Although it is not nearly as relevant to performance as overall calibration, we should, in this day and age, consider the effects of our tuning on exhaust pollutants. If you are intent on running an engine without a catalytic converter, then you sort of owe it to the rest of the world to do your best to save the planet. Alone, your effort won’t be of much consequence. But if we look at everybody who is likely to read this book, making sure the exhaust is as clean as possible is relevant. Chart 3-4 shows what we are dealing with here.
What this chart shows is that the exhaust is essentially cleaner as the mixture becomes leaner. This means the time spent setting up that idle, so that it runs as lean as possible, is a worthwhile step toward not only saving fuel but cutting pollution. The same goes for the cruise calibration. Keeping things on the lean side not only helps cut pollution and save on the fuel bill, but your engine also lasts considerably longer in the bore and ring department. Running mixtures from 14.7:1 on up compared to, say, 13:1, can increase bore life by as much as 400 percent.
When that throttle goes wide open and maximum power mixture hits 13:1 we are going to see quite an amount of unburned hydrocarbons, along with 6 percent of the exhaust consisting of carbon monoxide. CO, as you should be aware, is poisonous. Since the duty cycle of most performance engines is 99-percent idle and cruise, fuel delivery calibrations at these operating positions are far more important than what happens at WOT.
I don’t address the important subject of mixture quality in too much detail here, but I do bring it up where relevant in subsequent chapters. Suffice it to say that fuel will not burn in a liquid state. That means fuel rivulets within the induction system are a power detraction. The mixture needs to be finely atomized so that the bulk of the fuel arrives in the cylinder as suitably small droplets. Just how small they need to be depends on the temperatures involved. For the ignition system to effectively light off the induced charge, there needs to be at least 15 percent of the fuel vaporized. However, if too much is vaporized within the intake manifold, the greater volume taken up cuts the amount of air drawn in. This means that too much vaporization reduces the engine’s volumetric efficiency (breathing efficiency), and that is not good for power.
Getting the right balance of droplet size at a given temperature is not so much an issue with a fuel-injected engine because the typical injection pressure of 45 psi and the (usually) close proximity of the injectors to the intake valve help ensure positive results. That situation does not necessarily exist for a carbureted engine. Getting the mixture quality to be as near optimal as possible involves paying a lot of attention to the fuel delivery at the carb’s booster venturi (auxiliary venturi). After this, you need to pay attention to port runner shape and finish to minimize the negative effects of fuel drop out.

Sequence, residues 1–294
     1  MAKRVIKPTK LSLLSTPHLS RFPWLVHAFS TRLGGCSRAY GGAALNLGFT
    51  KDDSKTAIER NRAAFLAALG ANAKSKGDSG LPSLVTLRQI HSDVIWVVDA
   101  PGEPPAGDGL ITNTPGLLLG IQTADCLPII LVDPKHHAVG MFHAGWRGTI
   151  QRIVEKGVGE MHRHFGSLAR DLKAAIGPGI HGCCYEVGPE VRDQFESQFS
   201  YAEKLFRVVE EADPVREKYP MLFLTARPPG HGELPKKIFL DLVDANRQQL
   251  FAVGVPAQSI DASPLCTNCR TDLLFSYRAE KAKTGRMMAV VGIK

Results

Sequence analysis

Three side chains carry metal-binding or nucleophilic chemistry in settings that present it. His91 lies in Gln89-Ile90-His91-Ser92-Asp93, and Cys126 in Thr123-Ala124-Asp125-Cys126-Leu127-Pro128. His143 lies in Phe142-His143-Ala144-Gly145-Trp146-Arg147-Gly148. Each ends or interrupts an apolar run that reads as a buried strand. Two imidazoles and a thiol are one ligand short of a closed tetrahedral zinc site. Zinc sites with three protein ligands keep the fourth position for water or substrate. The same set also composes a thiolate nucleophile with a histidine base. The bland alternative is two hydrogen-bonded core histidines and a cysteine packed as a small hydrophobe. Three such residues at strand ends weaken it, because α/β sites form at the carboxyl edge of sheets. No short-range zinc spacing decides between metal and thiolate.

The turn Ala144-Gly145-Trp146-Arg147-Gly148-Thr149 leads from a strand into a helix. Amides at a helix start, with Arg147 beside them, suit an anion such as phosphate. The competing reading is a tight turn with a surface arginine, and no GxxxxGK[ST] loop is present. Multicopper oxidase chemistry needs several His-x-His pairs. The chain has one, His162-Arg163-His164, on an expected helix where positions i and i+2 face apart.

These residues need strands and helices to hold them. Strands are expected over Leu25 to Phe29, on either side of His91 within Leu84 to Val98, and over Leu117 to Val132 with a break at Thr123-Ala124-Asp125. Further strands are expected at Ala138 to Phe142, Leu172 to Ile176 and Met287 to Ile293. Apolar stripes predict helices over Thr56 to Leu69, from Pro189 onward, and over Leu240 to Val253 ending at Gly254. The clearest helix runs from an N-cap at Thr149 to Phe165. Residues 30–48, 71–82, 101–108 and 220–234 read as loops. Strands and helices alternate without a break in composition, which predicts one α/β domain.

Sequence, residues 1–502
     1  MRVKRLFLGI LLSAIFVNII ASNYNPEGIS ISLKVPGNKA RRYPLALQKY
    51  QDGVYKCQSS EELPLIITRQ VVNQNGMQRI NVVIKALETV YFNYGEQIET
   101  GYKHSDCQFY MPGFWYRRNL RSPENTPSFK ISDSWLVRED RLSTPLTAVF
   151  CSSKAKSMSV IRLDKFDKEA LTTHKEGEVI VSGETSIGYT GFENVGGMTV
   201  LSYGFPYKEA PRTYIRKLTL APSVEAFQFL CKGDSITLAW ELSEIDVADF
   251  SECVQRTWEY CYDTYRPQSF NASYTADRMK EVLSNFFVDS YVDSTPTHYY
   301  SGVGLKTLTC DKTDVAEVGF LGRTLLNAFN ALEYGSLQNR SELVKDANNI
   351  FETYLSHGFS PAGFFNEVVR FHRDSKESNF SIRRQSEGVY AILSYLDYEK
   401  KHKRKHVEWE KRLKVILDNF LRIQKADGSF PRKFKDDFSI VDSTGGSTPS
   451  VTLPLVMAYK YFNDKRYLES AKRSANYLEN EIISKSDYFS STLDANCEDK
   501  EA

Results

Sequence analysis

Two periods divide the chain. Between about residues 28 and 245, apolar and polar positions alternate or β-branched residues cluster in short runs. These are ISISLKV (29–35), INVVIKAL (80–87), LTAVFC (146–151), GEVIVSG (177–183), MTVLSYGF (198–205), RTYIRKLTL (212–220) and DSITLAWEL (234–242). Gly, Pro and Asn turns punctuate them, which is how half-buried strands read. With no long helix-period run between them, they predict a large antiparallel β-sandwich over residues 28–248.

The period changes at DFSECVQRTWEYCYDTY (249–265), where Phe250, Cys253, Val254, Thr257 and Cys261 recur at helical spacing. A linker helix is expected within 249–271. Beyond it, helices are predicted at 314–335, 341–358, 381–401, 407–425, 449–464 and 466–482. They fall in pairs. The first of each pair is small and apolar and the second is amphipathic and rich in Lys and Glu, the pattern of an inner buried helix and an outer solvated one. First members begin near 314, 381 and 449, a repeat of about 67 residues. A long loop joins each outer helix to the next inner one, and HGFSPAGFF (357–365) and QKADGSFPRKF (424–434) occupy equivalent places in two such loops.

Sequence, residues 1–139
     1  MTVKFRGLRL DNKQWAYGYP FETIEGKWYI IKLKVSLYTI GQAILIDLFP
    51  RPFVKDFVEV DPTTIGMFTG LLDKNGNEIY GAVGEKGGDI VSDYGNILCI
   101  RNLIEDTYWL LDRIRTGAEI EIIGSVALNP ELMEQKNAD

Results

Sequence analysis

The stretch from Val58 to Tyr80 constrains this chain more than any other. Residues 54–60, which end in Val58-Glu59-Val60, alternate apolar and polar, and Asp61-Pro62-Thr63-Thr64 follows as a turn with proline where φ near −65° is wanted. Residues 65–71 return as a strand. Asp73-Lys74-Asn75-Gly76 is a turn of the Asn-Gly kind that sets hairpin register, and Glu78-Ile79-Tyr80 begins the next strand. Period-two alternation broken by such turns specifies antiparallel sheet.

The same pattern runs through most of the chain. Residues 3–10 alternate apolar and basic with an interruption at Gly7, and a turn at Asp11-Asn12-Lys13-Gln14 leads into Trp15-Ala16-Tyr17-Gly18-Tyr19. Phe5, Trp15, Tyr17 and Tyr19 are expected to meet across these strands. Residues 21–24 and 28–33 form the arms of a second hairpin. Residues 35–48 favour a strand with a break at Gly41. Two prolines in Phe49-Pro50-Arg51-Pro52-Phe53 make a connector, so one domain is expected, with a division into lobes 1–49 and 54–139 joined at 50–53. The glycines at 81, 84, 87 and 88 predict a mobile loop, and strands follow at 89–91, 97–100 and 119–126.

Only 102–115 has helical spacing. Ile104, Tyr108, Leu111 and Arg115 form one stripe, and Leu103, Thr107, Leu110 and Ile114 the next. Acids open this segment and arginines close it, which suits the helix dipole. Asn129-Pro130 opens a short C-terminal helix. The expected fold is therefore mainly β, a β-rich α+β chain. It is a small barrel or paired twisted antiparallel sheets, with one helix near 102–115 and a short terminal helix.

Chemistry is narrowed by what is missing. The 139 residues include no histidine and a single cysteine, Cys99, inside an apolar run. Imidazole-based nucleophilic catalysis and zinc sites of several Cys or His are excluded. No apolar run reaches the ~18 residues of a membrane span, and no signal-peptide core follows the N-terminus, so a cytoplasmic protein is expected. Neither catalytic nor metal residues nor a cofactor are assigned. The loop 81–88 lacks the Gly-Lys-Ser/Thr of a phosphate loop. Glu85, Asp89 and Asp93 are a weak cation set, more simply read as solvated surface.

Carb Function Basics
Virtually all carbs function by creating a reduced air pressure over some kind of metering jet connected to a fuel bowl. There is a type of carb known as a constant-vacuum carb. The most popular and well known of this type is the SU carb, which has been used on British cars for nearly half a century. Although they could be made to meter fuel extremely accurately (as good as any fuel injection), they were not popular beyond the shores of England. That being the case, I focus more on the type of carb known as a fixed-jet carb. This employs a venturi to create the depression that draws the fuel into the intake system.
Illustration 3-6 clearly shows how the increase in velocity within the venturi causes a drop in air pressure at that point, which draws the fluid from the reservoir up the tube. With a little increase in speed, this example would start discharging the fluid from the reservoir. Of course in real life there is only one connection between the reservoir and the venturi: the one at the minor diameter.
Now, if you are observant, you may have spotted a problem here. Because the fuel needs to be a certain distance below the discharge hole (known as the spill height) quite a lot of air must flow before any fuel is drawn into the intake tract. So this system won’t work for an engine at idle. In addition to this, the system won’t deliver twice as much fuel when the airflow increases.
The fix for this is an ingenious little jet known as an air-correction jet. Just to avoid any confusion, here it is (in photo 3-5 and on page 27) on a Holley carb. It is known as a highspeed bleed, when referring to the main jet circuit. The air-correction jet has little effect on the mixture at low engine speeds, but as RPM increases it has an increasing effect. By suitable sizing (in relation to the main jet), a fuel curve much more closely approaching a straight line can be produced from low to high RPM.